Today Southwest Airlines COO Michael Van De Ven went on twitter to explain the “catastrophic technological failure” that took down Southwest’s systems for most of the day yesterday, and how its customers were impacted. With no network, Southwest was unable to let passengers check in to flights, to move crews around, or to find baggage. Van De Ven said that the company has redundancies in place, but they did not kick in as expected, and about 800 of its servers were affected.
The minute I saw his tweet I had to look at the data. Here’s what I found (above). You can see right before 3:00pm EDT something that looks like a spike and an error. Then the site’s response time drops. This is weird. Shouldn’t there be something looking more like an error? At the surface it looks like their page got better!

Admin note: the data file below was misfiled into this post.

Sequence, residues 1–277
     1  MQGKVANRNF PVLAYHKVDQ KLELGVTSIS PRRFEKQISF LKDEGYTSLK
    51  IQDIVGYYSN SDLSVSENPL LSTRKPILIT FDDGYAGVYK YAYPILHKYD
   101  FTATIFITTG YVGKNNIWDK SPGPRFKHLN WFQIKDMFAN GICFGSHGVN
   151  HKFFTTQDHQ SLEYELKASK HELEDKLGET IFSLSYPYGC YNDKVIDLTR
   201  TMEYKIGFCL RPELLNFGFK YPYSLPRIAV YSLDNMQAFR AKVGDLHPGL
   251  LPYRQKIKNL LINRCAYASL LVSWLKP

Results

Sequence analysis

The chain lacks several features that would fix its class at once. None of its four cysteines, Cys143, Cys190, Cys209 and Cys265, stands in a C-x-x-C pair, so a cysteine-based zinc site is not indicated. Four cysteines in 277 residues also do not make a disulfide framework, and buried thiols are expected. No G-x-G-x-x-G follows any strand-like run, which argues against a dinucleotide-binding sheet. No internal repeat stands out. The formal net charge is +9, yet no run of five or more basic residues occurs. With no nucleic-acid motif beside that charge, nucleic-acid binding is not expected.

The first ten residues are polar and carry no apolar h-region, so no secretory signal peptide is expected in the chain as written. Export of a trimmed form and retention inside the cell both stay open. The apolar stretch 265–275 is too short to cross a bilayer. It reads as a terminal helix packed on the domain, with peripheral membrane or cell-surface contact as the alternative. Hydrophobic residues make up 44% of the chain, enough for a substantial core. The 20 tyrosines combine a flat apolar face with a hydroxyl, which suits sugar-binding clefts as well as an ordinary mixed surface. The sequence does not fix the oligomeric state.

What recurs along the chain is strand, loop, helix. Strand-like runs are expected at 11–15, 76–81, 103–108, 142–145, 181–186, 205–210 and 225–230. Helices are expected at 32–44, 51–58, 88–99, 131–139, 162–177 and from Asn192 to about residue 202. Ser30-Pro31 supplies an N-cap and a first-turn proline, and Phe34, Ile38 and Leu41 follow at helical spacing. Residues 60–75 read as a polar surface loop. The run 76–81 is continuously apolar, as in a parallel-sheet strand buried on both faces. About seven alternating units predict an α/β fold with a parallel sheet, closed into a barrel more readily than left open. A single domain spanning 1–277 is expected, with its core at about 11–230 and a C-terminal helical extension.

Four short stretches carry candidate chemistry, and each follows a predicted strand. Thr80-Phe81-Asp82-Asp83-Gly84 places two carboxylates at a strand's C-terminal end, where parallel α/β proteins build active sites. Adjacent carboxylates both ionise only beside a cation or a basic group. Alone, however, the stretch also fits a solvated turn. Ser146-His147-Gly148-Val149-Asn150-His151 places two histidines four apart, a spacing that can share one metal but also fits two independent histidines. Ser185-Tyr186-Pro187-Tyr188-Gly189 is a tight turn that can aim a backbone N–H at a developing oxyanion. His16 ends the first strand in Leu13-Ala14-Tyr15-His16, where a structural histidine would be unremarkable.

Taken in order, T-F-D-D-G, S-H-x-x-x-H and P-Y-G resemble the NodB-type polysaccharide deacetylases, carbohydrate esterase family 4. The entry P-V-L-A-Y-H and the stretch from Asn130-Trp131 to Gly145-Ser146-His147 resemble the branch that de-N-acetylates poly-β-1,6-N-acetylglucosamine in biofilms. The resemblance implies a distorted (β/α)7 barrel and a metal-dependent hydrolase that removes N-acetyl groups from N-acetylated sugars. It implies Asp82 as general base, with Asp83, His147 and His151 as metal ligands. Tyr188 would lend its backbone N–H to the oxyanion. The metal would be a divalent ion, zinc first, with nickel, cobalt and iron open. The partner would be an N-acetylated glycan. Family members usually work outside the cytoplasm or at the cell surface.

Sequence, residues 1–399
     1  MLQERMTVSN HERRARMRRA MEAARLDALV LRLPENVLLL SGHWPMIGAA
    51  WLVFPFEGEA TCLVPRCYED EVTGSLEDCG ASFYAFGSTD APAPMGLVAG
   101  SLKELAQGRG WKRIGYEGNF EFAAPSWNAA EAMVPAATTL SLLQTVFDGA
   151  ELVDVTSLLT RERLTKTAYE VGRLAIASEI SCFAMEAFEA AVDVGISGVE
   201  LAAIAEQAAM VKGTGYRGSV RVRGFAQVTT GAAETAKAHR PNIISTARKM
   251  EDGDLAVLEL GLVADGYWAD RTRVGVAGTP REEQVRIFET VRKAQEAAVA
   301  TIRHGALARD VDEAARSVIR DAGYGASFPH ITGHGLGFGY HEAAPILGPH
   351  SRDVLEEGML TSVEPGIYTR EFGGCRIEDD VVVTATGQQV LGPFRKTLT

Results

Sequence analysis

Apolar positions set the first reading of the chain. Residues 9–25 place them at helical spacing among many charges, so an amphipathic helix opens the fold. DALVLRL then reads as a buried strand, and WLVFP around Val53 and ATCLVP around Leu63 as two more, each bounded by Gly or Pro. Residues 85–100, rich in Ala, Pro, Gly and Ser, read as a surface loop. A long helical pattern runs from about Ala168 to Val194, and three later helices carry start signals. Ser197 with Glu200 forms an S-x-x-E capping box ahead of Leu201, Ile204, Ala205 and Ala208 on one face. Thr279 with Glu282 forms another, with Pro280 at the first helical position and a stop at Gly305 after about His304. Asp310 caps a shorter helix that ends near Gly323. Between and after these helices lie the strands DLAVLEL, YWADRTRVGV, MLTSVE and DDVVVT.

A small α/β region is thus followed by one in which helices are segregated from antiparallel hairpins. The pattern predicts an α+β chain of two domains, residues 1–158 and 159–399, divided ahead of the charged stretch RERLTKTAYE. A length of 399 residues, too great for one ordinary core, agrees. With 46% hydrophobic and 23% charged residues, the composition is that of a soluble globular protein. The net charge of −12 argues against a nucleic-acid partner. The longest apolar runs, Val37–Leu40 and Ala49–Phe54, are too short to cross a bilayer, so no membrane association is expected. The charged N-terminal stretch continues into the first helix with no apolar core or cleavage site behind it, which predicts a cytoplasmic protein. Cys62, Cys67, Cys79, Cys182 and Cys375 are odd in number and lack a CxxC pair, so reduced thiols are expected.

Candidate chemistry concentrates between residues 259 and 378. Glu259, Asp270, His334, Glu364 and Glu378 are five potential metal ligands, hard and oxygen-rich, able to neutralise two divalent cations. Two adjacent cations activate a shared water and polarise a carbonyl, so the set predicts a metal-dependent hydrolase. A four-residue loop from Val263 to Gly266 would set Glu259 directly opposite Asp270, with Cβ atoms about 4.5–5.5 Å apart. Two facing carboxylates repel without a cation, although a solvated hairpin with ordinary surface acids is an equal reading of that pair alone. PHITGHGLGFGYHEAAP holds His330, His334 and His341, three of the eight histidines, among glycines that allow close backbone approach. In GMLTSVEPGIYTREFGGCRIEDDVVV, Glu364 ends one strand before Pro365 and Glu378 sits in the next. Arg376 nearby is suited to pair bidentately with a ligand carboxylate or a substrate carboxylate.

The story becomes clearer if you follow Southwest’s tweets. At 1:54pm EDT the company tweeted that it was investigating systems issues. This appears to be in response to a spike in wait times at 1:20pm EDT. See below:
As you can see, the issue with wait times escalated quickly by 3:00pm EDT, before a drop in web page response. The drop appears to have happened because Southwest changed to their distress plan and only served its error page,. The company identified an issue and moved quickly to respond and manage client expectations.
This is a great example of how a company should respond to major interruptions of service: Detect an issue early to minimize the impact; use social media to keep your users informed; and as soon as it escalates, notify users further so they are not left in the dark.
Every company will eventually have to manage a situation like this one. Southwest may have had a difficult day yesterday, but its response to this failure is a model for others and probably minimized the issue’s negative impact on customer loyalty and the business.